C.S.Peirce claimed that logic is a normative science. It is not about how people think, but how they ought to think, and so he classified it as a branch of ethics. Elsewhere he argued the contrapositive, that purely self-interested individuals would have to be irrational in all their inferences. They could not constitute valid thoughts regarding either the value of their ends or the reliability of their means. Determining value, like meaning more generally, depends on taking a participant stance within social and disciplinary practices. Any legitimacy that disciplines, and moral and rational practices more generally, have rests on the accountability provided by participating in such communal activities. “Objectivity” in the disciplines does not mean seeing things as they are in themselves, or somehow getting back to “the given” behind our interpretive activity, but seeing things in light of, and being accountable to, certain procedural and evidentiary norms. To invoke “norms” here is to recognize something that defies Hume’s law, as a norm is simultaneously a value grounded in a fact and a fact grounded in a value. This is not to simply affirm what Hume denies, but to question the dichotomy between facts and values he presupposes. A statement of fact is an act we must be accountable for, and our ethical task is not merely a matter of assessing and choosing between alternatives that are just there and thrust upon us, like railroad tracks laid down in advance, but a matter of constituting, and reconstituting, the paths themselves.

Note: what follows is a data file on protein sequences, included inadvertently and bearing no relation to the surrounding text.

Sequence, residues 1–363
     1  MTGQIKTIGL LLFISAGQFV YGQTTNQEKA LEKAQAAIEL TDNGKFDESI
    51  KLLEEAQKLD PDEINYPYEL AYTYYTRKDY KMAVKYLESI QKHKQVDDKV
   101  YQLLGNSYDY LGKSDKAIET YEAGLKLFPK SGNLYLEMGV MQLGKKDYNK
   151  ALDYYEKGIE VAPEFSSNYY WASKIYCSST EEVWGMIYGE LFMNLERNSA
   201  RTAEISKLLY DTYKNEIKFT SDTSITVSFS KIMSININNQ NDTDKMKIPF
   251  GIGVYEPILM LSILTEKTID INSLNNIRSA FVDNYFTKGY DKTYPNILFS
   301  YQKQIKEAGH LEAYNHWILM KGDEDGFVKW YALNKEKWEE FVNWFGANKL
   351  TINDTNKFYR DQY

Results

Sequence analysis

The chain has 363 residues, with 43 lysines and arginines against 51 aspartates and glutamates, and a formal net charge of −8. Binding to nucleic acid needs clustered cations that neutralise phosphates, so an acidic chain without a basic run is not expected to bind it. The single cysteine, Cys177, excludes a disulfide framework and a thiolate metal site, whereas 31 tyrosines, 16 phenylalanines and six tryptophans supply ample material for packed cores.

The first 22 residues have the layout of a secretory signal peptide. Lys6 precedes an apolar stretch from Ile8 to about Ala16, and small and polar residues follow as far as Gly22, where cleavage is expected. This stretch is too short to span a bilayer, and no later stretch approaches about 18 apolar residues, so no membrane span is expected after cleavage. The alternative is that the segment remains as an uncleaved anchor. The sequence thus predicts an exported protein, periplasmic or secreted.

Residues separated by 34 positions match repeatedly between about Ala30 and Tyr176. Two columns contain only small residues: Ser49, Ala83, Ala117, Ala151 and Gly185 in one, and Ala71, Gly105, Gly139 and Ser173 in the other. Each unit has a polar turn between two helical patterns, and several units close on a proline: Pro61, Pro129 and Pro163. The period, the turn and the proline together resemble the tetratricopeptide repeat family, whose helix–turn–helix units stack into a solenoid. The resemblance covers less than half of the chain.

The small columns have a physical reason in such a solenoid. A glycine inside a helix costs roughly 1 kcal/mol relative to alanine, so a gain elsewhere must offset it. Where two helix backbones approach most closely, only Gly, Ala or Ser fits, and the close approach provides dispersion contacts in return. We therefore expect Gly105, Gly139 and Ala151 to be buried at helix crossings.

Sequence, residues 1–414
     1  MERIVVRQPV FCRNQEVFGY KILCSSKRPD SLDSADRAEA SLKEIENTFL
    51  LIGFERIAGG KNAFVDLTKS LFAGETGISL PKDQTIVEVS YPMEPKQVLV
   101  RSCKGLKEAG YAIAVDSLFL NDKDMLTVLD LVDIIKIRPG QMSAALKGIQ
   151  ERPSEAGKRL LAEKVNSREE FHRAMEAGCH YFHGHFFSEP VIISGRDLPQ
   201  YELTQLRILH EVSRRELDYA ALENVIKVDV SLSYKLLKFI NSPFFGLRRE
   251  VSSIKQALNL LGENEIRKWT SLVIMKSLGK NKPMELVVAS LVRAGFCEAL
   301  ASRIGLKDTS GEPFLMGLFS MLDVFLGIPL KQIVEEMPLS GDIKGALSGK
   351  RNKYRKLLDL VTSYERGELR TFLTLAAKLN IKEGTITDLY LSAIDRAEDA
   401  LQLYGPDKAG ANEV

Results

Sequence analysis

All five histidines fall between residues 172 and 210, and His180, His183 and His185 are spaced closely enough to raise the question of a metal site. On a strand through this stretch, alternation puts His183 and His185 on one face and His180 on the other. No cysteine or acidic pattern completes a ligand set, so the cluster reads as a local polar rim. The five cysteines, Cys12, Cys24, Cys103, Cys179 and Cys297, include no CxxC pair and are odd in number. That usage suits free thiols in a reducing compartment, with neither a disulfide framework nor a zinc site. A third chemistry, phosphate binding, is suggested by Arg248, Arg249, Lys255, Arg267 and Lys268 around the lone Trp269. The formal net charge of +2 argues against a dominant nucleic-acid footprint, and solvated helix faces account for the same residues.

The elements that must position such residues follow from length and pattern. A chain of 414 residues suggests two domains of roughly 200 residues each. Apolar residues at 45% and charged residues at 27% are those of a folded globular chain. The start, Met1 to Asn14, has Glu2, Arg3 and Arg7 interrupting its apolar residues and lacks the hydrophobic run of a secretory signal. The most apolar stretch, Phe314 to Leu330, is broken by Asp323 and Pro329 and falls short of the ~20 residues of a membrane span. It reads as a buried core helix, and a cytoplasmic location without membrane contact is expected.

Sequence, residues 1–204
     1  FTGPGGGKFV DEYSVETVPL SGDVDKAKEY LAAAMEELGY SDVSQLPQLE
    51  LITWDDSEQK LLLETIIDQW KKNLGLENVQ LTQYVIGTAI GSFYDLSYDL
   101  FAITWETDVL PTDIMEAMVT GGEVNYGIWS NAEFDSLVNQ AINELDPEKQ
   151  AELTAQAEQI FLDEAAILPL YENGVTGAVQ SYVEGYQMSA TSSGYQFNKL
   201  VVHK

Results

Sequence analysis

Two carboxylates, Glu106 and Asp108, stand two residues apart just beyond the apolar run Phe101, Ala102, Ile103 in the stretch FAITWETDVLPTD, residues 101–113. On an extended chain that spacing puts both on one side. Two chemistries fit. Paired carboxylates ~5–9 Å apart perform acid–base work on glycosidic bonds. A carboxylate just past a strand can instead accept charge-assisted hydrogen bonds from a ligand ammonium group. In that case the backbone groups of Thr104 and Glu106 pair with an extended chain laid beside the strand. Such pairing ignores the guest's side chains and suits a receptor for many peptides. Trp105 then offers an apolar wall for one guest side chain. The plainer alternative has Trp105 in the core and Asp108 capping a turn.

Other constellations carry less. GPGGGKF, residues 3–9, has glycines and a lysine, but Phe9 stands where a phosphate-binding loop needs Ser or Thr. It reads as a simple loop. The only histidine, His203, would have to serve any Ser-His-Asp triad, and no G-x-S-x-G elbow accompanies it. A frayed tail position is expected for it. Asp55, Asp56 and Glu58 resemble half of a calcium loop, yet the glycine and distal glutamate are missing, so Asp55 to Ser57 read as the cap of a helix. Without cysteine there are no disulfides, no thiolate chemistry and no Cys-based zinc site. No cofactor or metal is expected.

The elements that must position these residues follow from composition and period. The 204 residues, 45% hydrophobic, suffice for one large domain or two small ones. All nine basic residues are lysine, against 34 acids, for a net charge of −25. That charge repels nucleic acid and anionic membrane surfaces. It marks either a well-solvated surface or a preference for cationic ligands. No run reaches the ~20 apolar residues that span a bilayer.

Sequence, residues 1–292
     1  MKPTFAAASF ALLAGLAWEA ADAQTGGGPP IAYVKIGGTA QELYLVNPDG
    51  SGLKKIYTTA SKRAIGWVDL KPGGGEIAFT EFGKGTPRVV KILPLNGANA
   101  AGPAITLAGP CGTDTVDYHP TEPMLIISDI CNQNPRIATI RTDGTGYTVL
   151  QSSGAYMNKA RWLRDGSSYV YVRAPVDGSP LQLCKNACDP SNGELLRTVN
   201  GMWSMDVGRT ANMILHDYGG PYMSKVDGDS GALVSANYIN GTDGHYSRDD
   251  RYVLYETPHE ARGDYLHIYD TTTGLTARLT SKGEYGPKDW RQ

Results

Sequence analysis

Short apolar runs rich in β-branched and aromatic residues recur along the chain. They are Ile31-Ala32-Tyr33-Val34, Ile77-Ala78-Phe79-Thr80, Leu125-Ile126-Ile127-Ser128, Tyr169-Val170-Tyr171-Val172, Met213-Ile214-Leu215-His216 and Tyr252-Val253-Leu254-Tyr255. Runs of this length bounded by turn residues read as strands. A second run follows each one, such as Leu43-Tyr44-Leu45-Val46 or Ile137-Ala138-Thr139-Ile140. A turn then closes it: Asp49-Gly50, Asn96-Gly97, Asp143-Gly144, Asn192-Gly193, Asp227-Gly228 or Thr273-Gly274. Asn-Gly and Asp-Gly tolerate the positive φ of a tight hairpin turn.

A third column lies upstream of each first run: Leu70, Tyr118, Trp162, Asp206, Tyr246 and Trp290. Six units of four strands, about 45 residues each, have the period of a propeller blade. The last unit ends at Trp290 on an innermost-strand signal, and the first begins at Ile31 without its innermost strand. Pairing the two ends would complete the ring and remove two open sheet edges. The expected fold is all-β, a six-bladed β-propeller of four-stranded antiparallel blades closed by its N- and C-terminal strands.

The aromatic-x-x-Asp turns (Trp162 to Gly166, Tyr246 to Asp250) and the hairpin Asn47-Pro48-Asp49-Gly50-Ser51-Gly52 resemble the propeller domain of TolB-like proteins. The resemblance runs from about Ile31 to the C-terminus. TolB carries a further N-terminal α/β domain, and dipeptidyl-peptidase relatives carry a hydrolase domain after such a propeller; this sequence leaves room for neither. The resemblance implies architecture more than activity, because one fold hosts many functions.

Philip Shields, Beloit College, United States
Stream: Ethics and Science
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